In this series, I dig a little deeper into the meaning of psychology-related terms. This week we’re doing a 2-for-1 looking at schizoid and schizotypal personality disorder.
Both schizoid and schizotypal personality disorder fall within the DSM-5‘s cluster A, which is the odd/eccentric cluster. Despite the similarities in names (it took me a long time to get straight in my head which was which), there are considerable differences.
Schizoid personality disorder
While the name sounds like schizophrenia, schizoid PD is more along the lines of an asocial personality disorder (not that such a thing exists), with asociality taken to extremes. Still, a family history of schizophrenia is a risk factor for schizoid PD, so there is some link there. Emotionally cold, neglectful, or detached parents can also increase risk.
Symptoms can include:
- feeling detached from and completely disinterested in social relationships
- lack of emotional expression during interpersonal interactions
- no interest in or pleasure from social relationships, including family or romantic relationships
- strong preference for solitary activities
- lack of enjoyment in activities
- lack of close social relationships
- appear indifferent to what others think of them (not in the sense of feeling confident without others’ validation; rather, it’s a matter of total disinterest in other people)
- emotional coldness or detachment
Like any personality disorder, symptoms begin early and are well established by adulthood, and cause significant functional impairment and/or distress. The disorder is consistent over time, even more so than other personality disorders. It occurs in 3-5% of the population.
About half of people with schizoid PD also experience major depressive disorder. It’s common to have other co-occurring personality disorders. Lack of interest in having anything to do with other people and translate to lack of motivation to participate in treatment.
Schizotypal personality disorder
Schizotypal PD is sort of like schizophrenia lite. It’s thought to be quite biologically based, and is more common when there is a family history of some form of psychotic disorder.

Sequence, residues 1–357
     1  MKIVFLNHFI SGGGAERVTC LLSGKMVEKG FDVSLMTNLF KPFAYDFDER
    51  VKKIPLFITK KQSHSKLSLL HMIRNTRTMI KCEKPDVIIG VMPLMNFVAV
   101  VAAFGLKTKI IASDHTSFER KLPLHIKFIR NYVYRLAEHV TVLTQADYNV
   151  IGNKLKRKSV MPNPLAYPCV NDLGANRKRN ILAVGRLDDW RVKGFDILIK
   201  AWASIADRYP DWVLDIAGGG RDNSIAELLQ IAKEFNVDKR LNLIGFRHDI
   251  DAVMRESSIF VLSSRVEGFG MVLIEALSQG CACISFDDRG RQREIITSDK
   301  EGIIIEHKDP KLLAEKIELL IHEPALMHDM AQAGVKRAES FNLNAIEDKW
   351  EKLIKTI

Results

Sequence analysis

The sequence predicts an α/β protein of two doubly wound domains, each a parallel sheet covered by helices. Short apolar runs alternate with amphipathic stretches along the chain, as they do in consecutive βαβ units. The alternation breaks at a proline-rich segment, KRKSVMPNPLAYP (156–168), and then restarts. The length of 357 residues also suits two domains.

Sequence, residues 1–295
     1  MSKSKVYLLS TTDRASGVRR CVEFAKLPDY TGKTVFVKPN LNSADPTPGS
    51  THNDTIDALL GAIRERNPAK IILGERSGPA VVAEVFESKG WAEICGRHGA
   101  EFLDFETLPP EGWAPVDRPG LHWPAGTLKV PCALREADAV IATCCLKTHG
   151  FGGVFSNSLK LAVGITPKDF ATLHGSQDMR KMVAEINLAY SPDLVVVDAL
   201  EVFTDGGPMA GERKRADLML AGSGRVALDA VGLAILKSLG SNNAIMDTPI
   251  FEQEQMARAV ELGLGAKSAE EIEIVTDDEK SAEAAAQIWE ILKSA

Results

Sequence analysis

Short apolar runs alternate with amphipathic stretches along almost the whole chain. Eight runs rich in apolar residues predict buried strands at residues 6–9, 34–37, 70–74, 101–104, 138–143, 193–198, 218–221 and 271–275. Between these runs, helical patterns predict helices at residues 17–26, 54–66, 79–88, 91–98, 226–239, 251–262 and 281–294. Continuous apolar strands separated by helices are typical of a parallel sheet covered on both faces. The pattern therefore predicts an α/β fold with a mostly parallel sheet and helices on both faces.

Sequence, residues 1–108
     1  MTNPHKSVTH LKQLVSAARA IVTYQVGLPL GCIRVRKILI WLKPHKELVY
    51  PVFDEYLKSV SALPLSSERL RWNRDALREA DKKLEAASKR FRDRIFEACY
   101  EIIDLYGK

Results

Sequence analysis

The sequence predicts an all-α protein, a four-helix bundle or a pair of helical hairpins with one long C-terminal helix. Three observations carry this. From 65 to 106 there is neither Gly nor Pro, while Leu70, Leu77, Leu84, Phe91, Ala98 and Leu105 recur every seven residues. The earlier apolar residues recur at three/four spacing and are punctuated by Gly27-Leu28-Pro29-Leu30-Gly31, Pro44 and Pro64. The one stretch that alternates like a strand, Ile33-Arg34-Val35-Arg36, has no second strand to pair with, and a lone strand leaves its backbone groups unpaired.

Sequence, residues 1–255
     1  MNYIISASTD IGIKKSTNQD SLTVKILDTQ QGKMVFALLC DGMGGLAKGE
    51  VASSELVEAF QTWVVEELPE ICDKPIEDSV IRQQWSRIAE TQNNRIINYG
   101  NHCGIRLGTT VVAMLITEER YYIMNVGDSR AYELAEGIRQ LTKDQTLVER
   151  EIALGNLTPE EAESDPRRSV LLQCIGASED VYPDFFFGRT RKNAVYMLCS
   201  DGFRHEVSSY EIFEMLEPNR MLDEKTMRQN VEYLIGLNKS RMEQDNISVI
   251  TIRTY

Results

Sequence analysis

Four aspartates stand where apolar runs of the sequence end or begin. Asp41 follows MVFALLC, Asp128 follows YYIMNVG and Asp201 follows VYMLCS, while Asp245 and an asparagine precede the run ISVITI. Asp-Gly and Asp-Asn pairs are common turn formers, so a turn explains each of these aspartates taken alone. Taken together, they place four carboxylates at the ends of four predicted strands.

Symptoms can include:
- decreased ability to function in social relationships, with intense discomfort and lack of understanding of social cues
- distorted thoughts /perceptions and behavioural eccentricities
- belief that things in the environment around them are specifically directed at them, known as ideas of reference, but not to the intensity level of delusions
- odd beliefs (e.g. in the paranormal) or magical thinking (the belief that thinking something can make it happen)
- odd perceptual experiences, such as hearing whispering
- suspicious/paranoid (but not to the intensity of delusions)
- odd/eccentric behaviours or appearance
- don’t have close social relationships
- social anxiety (related to paranoia)
As a personality disorder, this begins when younger and is well established by adulthood. It occurs in about 4% of the population, and is slightly more common in males. Co-occurring depression is very common, as is substance use disorder.
While medications don’t play a huge role in most personality disorders, antipsychotics and antidepressants are commonly used to treat schizotypal PD. Cognitive behavioural therapy (CBT) is also used.
In my mental health nursing career, I didn’t tend to come across either of these disorders, which probably has a lot to do with the types of settings I worked in. I’m pretty darn asocial, but schizoid PD is an entirely different thing from my strong introvert leanings. Schizotypal sounds like a very difficult disorder to live with. The symptoms might not be as severe as schizophrenia, but they’re very persistent, and I would imagine that quality of life is probably rather low.
Were you familiar with either of these disorders, or do you know people that experience them?
- Merck Manual Professional Version: Schizoid personality disorder and schizotypal personality disorder
The Psychology Corner page includes an index of the terms that have been covered in the What Is… (Insights into Psychology) series, as well as a collection of scientifically validated psychological tests.